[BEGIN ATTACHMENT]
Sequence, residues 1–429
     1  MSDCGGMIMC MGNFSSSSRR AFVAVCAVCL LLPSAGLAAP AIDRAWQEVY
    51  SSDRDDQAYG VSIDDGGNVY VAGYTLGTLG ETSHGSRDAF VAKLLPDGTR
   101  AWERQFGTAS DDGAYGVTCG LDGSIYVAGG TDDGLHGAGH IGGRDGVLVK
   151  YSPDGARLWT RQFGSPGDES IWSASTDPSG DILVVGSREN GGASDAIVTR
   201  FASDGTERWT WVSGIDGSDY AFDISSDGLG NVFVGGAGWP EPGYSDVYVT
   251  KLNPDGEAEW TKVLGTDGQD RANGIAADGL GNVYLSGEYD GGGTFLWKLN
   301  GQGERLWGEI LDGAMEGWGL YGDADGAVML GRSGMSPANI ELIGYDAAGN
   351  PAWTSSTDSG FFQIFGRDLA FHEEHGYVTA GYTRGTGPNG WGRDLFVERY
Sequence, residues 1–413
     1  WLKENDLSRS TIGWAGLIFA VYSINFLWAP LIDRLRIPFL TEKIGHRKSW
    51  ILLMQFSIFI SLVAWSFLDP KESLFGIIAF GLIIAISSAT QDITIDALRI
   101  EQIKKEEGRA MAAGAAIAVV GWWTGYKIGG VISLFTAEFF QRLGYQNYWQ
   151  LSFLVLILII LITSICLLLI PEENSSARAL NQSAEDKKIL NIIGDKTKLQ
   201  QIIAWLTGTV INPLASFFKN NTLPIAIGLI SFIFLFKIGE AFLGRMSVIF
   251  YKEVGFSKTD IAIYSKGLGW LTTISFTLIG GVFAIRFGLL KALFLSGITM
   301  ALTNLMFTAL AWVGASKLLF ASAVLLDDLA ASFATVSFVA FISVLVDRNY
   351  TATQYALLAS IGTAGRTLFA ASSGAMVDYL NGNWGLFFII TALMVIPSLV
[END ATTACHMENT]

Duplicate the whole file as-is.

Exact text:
Sequence, residues 1–429
     1  MSDCGGMIMC MGNFSSSSRR AFVAVCAVCL LLPSAGLAAP AIDRAWQEVY
    51  SSDRDDQAYG VSIDDGGNVY VAGYTLGTLG ETSHGSRDAF VAKLLPDGTR
   101  AWERQFGTAS DDGAYGVTCG LDGSIYVAGG TDDGLHGAGH IGGRDGVLVK
   151  YSPDGARLWT RQFGSPGDES IWSASTDPSG DILVVGSREN GGASDAIVTR
   201  FASDGTERWT WVSGIDGSDY AFDISSDGLG NVFVGGAGWP EPGYSDVYVT
   251  KLNPDGEAEW TKVLGTDGQD RANGIAADGL GNVYLSGEYD GGGTFLWKLN
   301  GQGERLWGEI LDGAMEGWGL YGDADGAVML GRSGMSPANI ELIGYDAAGN
   351  PAWTSSTDSG FFQIFGRDLA FHEEHGYVTA GYTRGTGPNG WGRDLFVERY
Sequence, residues 1–413
     1  WLKENDLSRS TIGWAGLIFA VYSINFLWAP LIDRLRIPFL TEKIGHRKSW
    51  ILLMQFSIFI SLVAWSFLDP KESLFGIIAF GLIIAISSAT QDITIDALRI
   101  EQIKKEEGRA MAAGAAIAVV GWWTGYKIGG VISLFTAEFF QRLGYQNYWQ
   151  LSFLVLILII LITSICLLLI PEENSSARAL NQSAEDKKIL NIIGDKTKLQ
   201  QIIAWLTGTV INPLASFFKN NTLPIAIGLI SFIFLFKIGE AFLGRMSVIF
   251  YKEVGFSKTD IAIYSKGLGW LTTISFTLIG GVFAIRFGLL KALFLSGITM
   301  ALTNLMFTAL AWVGASKLLF ASAVLLDDLA ASFATVSFVA FISVLVDRNY
   351  TATQYALLAS IGTAGRTLFA ASSGAMVDYL NGNWGLFFII TALMVIPSLV